5. Pride costs us more than hunger, thirst and cold.
6. We never repent of having eaten too little.
7. Nothing is troublesome that we do willingly.
8. How much pain have cost us the evils which have never happened.
9. Take things always by their smooth handle.
10. When angry, count ten before you speak; if very angry, an hundred.”

Wikipedia Page:  Thomas Jefferson

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Coaches Hot Seat Quotes of the Day – Friday, July 3, 2020 – John Adams

JohnAdams777

“A desire to be observed, considered, esteemed, praised, beloved, and admired by his fellows is one of the earliest as well as the keenest dispositions discovered in the heart of man.”

And

“A government of laws, and not of men.”

And

“All the perplexities, confusion and distress in America arise, not from defects in their Constitution or Confederation, not from want of honor or virtue, so much as from the downright ignorance of the nature of coin, credit and circulation.”

And

“Because power corrupts, society’s demands for moral authority and character increase as the importance of the position increases.”

And

“Facts are stubborn things; and whatever may be our wishes, our inclinations, or the dictates of our passions, they cannot alter the state of facts and evidence.”

And

“Great is the guilt of an unnecessary war.”

And

“I always consider the settlement of America with reverence and wonder, as the opening of a grand scene and design in providence, for the illumination of the ignorant and the emancipation of the slavish part of mankind all over the earth.”

And

“I must study politics and war that my sons may have liberty to study mathematics and philosophy.”

And

“If we do not lay out ourselves in the service of mankind whom should we serve?”

And

“Let us tenderly and kindly cherish, therefore, the means of knowledge. Let us dare to read, think, speak, and write.”

And

“Liberty cannot be preserved without general knowledge among the people.”

And

“Old minds are like old horses; you must exercise them if you wish to keep them in working order.”

And

“Power always thinks… that it is doing God’s service when it is violating all his laws.”

And

“There are two educations. One should teach us how to make a living and the other how to live.”

And

“Tis impossible to judge with much Præcision of the true Motives and Qualities of human Actions, or of the Propriety of Rules contrived to govern them, without considering with like Attention, all the Passions, Appetites, Affections in Nature from which they flow. An intimate Knowledge therefore of the intellectual and moral World is the sole foundation on which a stable structure of Knowledge can be erected.”

And

“There is danger from all men. The only maxim of a free government ought to be to trust no man living with power to endanger the public liberty.”

And

“Yesterday the greatest question was decided which ever was debated in America; and a greater perhaps never was, nor will be, decided among men. A resolution was passed without one dissenting colony, “that these United Colonies are, and of right ought to be, free and independent States.”

And

“There is nothing which I dread so much as a division of the republic into two great parties, each arranged under its leader, and concerting measures in opposition to each other. This, in my humble apprehension, is to be dreaded as the greatest political evil under our Constitution.”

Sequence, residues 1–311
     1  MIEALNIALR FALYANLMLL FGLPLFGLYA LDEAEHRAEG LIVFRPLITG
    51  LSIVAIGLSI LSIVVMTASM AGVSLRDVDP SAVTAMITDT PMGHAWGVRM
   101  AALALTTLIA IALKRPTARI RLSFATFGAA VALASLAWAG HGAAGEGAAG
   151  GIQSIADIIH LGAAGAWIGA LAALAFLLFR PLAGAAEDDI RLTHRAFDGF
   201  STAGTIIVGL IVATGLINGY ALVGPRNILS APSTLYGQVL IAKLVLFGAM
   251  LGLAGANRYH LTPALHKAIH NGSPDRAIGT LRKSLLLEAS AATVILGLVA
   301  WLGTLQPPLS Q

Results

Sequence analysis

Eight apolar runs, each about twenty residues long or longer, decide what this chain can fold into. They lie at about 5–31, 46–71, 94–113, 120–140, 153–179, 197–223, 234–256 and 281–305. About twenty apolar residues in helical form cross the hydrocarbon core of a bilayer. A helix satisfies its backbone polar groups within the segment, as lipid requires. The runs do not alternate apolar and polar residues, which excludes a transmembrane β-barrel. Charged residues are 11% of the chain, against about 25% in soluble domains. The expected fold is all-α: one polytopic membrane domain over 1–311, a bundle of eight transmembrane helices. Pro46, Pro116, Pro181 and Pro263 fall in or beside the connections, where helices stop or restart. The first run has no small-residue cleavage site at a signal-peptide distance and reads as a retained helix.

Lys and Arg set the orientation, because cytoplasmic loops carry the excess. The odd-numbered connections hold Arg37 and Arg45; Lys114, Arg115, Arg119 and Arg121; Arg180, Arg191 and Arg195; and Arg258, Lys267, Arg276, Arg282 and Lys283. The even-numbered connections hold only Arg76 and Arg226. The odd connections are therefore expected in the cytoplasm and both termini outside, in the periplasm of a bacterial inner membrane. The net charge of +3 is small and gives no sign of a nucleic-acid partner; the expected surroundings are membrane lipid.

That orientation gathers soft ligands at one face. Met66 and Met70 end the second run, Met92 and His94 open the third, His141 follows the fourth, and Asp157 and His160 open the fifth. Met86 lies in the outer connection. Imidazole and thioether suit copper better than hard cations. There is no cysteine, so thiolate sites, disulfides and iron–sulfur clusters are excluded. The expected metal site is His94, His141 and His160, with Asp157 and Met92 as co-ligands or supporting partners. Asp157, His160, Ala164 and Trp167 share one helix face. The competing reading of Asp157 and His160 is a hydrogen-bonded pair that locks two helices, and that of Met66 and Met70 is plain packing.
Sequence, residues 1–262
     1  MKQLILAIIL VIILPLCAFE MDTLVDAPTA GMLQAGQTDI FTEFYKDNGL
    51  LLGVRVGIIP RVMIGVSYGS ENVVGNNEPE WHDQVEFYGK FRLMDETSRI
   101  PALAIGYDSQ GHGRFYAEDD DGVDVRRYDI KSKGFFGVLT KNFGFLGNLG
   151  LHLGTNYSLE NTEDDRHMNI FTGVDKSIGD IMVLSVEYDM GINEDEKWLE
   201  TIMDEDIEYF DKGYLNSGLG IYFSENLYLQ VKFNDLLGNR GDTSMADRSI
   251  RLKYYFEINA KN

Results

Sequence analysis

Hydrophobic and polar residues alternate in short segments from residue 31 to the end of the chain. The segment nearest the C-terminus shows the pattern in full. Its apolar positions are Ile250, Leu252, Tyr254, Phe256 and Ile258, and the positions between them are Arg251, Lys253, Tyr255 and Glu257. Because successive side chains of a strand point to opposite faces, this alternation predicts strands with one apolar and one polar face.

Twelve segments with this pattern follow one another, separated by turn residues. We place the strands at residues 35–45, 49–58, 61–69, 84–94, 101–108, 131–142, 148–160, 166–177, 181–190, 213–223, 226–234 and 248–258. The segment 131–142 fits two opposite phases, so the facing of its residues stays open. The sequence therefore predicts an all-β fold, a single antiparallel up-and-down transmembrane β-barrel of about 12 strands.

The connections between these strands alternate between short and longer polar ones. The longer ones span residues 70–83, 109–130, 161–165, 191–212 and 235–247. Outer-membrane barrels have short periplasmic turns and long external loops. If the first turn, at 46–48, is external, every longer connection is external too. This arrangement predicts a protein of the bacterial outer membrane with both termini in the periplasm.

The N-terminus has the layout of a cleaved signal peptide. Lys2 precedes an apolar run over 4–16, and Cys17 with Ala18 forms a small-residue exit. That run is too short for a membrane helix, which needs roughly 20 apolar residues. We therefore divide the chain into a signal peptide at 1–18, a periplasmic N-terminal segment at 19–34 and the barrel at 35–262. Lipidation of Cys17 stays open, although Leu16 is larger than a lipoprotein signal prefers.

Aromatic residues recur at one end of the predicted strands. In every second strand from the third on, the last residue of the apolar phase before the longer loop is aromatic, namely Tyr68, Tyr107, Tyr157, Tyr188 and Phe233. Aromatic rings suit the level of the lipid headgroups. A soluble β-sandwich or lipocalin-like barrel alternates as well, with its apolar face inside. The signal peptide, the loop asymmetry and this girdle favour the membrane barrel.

And

“The consequences arising from the continual accumulation of public debts in other countries ought to admonish us to be careful to prevent their growth in our own.”

And

“Our obligations to our country never cease but with our lives.”

And

“As to the history of the revolution, my ideas may be peculiar, perhaps singular. What do we mean by the Revolution? The war? That was no part of the revolution; it was only an effect and consequence of it. The revolution was in the minds of the people, and this was effected from 1760–1775, in the course of fifteen years, before a drop of blood was shed at Lexington.”

And

“Power always sincerely, conscientiously, de très bon foi, believes itself right. Power always thinks it has a great soul and vast views, beyond the comprehension of the weak.”

And

“Let the human mind loose. It must be loose. It will be loose. Superstition and dogmatism cannot confine it.”

And

“This is the most magnificent movement of all! There is a dignity, a majesty, a sublimity, in this last effort of the patriots that I greatly admire. The people should never rise without doing something to be remembered — something notable and striking. This destruction of the tea is so bold, so daring, so firm, intrepid and inflexible, and it must have so important consequences, and so lasting, that I can’t but consider it as an epocha in history!”
On the Boston Tea Party (17 December 1773)

And

“Children should be educated and instructed in the principles of freedom.”

And

Posterity! you will never know how much it cost the present generation to preserve your freedom! I hope you will make a good use of it.” John Adams, Letters of John Adams, Addressed to His Wife

Wikipedia: John Adams

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Coaches Hot Seat Quotes of the Day – Thursday, July 2, 2020 – Bill Russell

BillRussell272727

“Concentration and mental toughness are the margins of victory.”

And

“Durability is part of what makes a great athlete.”

And

“The idea is not to block every shot. The idea is to make your opponent believe that you might block every shot.”

And

“To me, one of the most beautiful things to see is a group of men coordinating their efforts toward a common goal, alternately subordinating and asserting themselves to achieve real teamwork in action. I tried to do that, we all tried to do that, on the Celtics. I think we succeeded.”

And

“What do you think of the Chicago Bulls winning three in a row?” — Russell: “Not much.” In perspective, Russell won eight times in a row with the Celtics.

Wikipedia:  Bill Russell